Two years of campaigning for president are over. Americans have gone to the polls to cast their votes.
For months, the candidates focused their attention on places including Ohio, Florida and Virginia. Then, Pennsylvania suddenly mattered.
Millions of dollars in advertising, campaign appearances and more were spent, all to get your vote.
“The people of America understand, we're taking back the white house because we're going to win Pennsylvania,” said Mitt Romney.
Romney rallied in front of around 30,000 Republican supporters in Bucks County last night.
“Hey Pennsylvania, you're going to help us with this election” said Paul Ryan, Romney’s running mate.
Ryan made a stop in the Harrisburg area on Saturday.
The Romney-Ryan campaign put Pennsylvania into play at the end of last week, and Obama-Biden followed.
It was noticed by all of the campaign ads.
“It's an honor to be your president and I'm asking for your vote,” said President Obama.
The president and his supporters started buying ads in the Keystone State to respond to big spending by Romney and his supporters on television and radio spots. Millions of dollars were spent days before the election.
“I'm going to make sure we get people off food stamps not by cutting the program, but by getting them good jobs,” reported Romney.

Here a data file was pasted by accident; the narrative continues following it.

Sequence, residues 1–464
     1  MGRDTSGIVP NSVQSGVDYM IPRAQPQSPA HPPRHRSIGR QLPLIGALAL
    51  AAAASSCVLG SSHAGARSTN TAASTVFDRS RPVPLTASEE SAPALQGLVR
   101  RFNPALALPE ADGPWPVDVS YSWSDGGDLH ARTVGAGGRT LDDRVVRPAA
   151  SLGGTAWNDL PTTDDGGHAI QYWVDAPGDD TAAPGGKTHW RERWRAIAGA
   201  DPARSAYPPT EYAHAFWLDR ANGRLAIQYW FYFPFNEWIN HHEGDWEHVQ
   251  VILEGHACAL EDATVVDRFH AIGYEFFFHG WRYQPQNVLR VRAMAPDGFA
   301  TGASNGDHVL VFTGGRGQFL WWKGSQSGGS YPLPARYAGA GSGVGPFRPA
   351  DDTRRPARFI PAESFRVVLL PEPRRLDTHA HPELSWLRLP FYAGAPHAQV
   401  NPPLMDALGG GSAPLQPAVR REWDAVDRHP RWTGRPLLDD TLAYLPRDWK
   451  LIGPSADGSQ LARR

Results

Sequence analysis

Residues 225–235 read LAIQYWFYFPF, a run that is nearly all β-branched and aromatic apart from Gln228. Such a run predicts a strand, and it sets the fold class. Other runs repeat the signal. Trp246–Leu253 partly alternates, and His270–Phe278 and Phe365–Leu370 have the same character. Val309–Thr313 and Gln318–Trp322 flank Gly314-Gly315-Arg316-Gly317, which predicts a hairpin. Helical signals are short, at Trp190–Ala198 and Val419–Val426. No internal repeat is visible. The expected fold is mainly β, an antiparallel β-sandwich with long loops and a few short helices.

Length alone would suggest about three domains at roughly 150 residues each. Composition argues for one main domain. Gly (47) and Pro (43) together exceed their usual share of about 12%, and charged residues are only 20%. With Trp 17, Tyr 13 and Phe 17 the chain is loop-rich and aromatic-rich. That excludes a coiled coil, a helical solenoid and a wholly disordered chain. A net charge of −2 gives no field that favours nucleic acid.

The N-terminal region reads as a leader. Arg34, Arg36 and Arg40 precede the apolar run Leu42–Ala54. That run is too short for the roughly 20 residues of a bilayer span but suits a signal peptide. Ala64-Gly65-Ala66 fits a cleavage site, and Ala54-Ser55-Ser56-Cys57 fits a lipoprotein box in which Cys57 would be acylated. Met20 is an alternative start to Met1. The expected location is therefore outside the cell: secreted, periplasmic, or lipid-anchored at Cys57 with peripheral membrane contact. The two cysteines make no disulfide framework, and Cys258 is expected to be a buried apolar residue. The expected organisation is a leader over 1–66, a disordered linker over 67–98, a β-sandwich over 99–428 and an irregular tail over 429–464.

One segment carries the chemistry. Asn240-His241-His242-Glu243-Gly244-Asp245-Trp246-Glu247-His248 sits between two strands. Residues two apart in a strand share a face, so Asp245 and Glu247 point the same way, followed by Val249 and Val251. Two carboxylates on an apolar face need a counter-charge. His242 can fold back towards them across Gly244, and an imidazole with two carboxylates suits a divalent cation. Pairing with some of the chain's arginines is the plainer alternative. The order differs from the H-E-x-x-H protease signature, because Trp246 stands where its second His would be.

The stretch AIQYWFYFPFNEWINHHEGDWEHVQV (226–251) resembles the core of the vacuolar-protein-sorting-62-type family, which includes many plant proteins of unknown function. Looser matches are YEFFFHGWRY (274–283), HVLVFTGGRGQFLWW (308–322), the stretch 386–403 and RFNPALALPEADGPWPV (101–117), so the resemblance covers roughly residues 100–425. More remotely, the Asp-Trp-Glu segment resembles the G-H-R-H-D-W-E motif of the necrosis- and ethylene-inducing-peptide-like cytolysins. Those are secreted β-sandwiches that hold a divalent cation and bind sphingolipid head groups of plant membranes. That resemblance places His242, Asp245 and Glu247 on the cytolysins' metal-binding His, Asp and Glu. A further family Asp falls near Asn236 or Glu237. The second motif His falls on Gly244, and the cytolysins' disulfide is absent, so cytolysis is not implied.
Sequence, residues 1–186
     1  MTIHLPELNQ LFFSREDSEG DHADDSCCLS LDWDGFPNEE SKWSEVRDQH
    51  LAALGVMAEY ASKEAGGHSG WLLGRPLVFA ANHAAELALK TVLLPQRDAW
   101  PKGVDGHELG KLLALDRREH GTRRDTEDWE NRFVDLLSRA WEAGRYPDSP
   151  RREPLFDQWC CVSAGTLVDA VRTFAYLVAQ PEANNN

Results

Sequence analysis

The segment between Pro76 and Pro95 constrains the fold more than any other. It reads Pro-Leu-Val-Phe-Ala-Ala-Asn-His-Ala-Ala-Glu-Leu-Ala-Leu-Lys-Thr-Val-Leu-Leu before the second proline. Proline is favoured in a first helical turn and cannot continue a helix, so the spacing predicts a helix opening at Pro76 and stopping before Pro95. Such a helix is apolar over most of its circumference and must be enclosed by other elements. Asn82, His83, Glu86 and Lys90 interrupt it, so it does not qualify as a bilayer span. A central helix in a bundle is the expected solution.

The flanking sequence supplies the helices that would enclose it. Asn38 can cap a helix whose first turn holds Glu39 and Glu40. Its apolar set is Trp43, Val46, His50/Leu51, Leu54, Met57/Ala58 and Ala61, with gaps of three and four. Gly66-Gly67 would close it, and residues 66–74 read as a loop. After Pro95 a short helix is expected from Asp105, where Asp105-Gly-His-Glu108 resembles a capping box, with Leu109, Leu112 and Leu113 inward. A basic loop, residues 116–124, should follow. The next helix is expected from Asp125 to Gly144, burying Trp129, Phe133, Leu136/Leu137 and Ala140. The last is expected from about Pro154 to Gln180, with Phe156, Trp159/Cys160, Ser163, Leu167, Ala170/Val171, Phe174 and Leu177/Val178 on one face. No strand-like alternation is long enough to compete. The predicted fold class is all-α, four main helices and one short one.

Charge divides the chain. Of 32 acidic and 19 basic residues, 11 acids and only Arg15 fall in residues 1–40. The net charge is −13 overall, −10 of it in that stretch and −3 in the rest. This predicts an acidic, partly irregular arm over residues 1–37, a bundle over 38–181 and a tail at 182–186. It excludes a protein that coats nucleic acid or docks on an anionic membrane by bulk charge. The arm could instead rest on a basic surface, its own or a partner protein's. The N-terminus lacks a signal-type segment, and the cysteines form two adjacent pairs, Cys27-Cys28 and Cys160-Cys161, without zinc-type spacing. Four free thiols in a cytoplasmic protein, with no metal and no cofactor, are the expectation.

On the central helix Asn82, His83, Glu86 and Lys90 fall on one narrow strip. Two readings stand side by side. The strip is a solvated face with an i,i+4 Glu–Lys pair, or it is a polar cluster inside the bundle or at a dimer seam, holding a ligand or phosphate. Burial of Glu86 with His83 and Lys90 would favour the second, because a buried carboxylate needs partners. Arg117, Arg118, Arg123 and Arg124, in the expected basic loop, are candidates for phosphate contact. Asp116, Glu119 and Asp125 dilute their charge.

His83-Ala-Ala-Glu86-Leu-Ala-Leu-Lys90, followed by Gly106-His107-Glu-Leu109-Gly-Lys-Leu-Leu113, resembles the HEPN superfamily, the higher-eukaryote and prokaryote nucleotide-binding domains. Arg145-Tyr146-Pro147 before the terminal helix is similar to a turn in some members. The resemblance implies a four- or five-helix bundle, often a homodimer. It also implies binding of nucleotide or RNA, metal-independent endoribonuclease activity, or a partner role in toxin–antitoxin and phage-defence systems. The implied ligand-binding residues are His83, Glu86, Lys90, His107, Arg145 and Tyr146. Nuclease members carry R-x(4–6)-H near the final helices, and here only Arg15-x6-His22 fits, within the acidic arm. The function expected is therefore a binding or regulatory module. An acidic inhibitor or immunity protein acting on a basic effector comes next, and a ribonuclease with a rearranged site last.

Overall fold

There's a big reason the keystone state was getting attention, the polls.
Back in September, polls showed Obama with a 10 percent lead over Romney in Pennsylvania.
In October it was still a big lead, Obama was up eight percent over Romney.
Then came the debates, and the race quickly tightened. Polls put Obama with a lead of around three percent.
A poll for a Pittsburgh newspaper even put the Obama Romney race at a tie there.
So Pennsylvanians saw attention they got used to in presidential elections.
“You have to re-elect president Obama,” said Former president, Bill Clinton.
Clinton made a swing through the state campaigning for Barack Obama. Scranton High School held his rally on Monday, November 5.
And former New York Mayor Rudy Giuliani, actor Jon Voight and others, made stops in Wilkes-Barre and Scranton to drum up support for Romney.
“Everything you see going on in New York, the lack of water, the lack of gasoline, the lack of generators could be cured by a president who paid attention and just wasn’t looking for a campaign photo op,” said Giuliani, a Romney supporter.